Thursday, July 31, 2008

Cumin coconut pancakes

This must be one of my favourite recipes of the moment - it's inspired by (and is a simplified version of) a recipe from the Cafe Paradiso cookbook. If you haven't tried this book, I would definitely recommend it, even if you're not a vegetarian. The recipes are beautiful, super-tasty and make great show off cooking if you're catering for veggies at a dinner party. I haven't yet been to Cafe Paradiso itself, but when I get the chance to go to Cork I will be in there like a shot!

Coconut cumin pancakes - serves 2 (plus at least 4 servings of pancakes to freeze)

For the pancakes
200g rice flour, sieved
1/4 tsp salt
2 dessertspoons ground cumin
1 egg
400ml coconut milk
Handful of chopped coriander

For the topping
1 aubergine
1/2 onion, finely chopped
2 cloves of garlic, minced
1 tsp dried chilli flakes
1 tsp cumin seeds
1 tsp ground coriander
400ml tin chopped tomatoes

1. Preheat the oven to 170c

2. Dice the aubergine into fairly small cubes, toss them in olive oil and put into the oven for 30 minutes or so until cooked and golden, keeping an eagle eye to make sure they don't burn.

3. Meanwhile, soften the onion in a bit of oil in a saucepan. Once it's translucent add the garlic, chilli, cumin and coriander and fry for a minute or so until fragrant.

4. Add the tinned tomatoes and simmer away gently. Once the aubergines are getting crispy, add them to the tomato mixture and keep simmering gently for a further 30 mins whilst you cook the pancakes.

5. Now for the pancake batter - mix the dried ingredients in a large bowl.

6. Beat together the egg and coconut milk, then beat the mixture into the dry ingredients.

7. Stir the fresh coriander through the batter.
8. Heat a large frying pan, preferably a good non stick one so you don't need any oil. Dollop in tablespoons of batter to make small pancakes. Fry them for a few minutes, then flip to cook the other side. You'll need to do several batches, so I keep them warm on a tin in the oven, which should still be warm after roasting the aubergines.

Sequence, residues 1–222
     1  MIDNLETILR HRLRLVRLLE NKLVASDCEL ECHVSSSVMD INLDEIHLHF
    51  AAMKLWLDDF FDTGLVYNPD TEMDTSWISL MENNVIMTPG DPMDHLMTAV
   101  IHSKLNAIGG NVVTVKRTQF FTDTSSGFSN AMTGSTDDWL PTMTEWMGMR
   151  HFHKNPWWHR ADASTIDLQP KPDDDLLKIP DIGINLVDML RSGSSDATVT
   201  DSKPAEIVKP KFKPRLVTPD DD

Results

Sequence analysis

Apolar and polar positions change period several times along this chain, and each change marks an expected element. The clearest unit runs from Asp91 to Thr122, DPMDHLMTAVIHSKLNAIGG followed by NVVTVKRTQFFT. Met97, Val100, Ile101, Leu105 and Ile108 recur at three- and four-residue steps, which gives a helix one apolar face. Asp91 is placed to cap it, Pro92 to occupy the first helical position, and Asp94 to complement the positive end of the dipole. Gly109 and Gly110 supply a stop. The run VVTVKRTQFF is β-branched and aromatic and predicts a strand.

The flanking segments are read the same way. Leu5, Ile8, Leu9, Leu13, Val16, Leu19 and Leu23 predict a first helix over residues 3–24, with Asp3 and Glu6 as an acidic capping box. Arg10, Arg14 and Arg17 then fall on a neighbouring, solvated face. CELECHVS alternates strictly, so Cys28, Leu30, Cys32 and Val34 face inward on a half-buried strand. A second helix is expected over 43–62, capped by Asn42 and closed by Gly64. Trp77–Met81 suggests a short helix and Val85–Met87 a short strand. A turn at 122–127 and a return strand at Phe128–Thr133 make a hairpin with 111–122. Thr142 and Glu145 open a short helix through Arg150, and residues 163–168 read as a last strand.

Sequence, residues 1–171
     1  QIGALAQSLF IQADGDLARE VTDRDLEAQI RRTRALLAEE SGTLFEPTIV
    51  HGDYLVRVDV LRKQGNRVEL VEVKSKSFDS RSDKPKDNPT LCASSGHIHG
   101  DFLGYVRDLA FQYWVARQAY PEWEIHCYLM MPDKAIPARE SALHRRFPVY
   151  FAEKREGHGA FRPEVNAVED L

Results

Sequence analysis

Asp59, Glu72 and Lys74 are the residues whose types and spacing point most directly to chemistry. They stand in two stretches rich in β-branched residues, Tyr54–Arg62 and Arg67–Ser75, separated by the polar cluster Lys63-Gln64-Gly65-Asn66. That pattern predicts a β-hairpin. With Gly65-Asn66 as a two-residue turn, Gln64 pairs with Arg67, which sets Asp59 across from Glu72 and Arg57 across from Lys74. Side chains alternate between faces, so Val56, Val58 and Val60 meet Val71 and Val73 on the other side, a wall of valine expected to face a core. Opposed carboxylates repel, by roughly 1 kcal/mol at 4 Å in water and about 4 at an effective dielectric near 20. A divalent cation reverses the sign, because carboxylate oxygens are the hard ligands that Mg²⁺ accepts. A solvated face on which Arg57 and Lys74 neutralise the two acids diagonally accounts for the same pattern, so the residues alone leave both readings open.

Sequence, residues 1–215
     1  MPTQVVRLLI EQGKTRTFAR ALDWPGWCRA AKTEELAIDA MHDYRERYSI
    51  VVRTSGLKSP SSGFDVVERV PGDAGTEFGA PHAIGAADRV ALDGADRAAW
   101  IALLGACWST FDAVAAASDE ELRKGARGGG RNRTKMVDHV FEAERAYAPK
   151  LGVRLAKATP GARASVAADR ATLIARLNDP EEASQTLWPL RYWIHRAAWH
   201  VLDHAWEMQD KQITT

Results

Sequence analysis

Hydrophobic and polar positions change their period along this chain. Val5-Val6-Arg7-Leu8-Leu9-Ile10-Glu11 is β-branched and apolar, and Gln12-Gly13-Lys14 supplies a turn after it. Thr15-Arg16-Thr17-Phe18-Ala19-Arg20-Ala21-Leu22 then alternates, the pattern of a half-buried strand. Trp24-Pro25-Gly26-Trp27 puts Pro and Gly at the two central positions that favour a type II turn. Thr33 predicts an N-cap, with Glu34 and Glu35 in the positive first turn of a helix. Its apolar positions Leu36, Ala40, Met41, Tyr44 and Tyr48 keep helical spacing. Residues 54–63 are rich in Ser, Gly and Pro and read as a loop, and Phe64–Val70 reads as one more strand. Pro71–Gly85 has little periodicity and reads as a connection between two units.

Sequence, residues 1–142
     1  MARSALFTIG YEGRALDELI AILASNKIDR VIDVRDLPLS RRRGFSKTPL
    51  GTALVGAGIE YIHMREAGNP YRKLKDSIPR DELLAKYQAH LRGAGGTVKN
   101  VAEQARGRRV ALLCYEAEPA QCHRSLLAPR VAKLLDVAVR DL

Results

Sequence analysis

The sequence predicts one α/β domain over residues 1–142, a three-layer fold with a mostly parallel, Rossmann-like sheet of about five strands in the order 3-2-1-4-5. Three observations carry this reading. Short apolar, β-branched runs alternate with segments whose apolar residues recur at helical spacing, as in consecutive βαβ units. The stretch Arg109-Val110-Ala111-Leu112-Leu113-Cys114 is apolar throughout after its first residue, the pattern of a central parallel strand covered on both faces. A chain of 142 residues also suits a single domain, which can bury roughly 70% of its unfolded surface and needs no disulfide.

9. Once everything's ready, assemble the pancakes with the topping added. This recipe gives enough for a vege main meal for two (or starters for more than two - as in the photo). There will be plenty of pancakes left over but they freeze well and don't stick together.

The Princess

Tuesday, July 29, 2008

Credit Crunch Cookery

I may be high maintenance, but I also know how to save the pennies when I need to, and even Gordon Ramsay is feeling the credit crunch! Here are a few ideas for surviving the bleak financial times whilst still chowing down on something tasty at the end of the day...

1. Grow your own

I've been growing coriander, basil and chillies - it's pretty easy, saves money and feels even more satisfying when you cook something delicious with them!

2. Get organised

Plan your meals ahead, write a list and head out for a main shop once a week. I've started to only drive to the out of town farm shop at the weekend and then top up the fresh fruit and veges during the week by walking to my local greengrocer. Planning ahead also helps you to avoid waste, for example if you eat roast lamb on a Sunday, why not use the leftovers in a curry on Monday night?

3. Build up a spice cupboard

Once you've got a great spice collection, it's easy to snap up whatever's on offer at the supermarket and make something really tasty with it. If you buy them from an ethnic store rather than the supermarket you can buy huge packs at a good price.

4. Use cheaper cuts of meat

Chicken thighs are cheaper than breast meat, they're great in curries and difficult to over cook.

5. Skip the takeaway

According to the Telegraph, 1 in 6 people have stopped ordering takeaways altogether, as people start to cook their own curries at home.

6. Get the best price

Use sites like mySupermarket or to compare prices and spot BOGOFs at the major stores.

7. Eat in season

It feels like everyone's been banging on about this for ages, but eating in season is tasty, good for the environment and cheap! Sites like Eat the Seasons will give you inspiration and even send you a weekly update email to help you coordinate your shopping.

8. Get creative with leftovers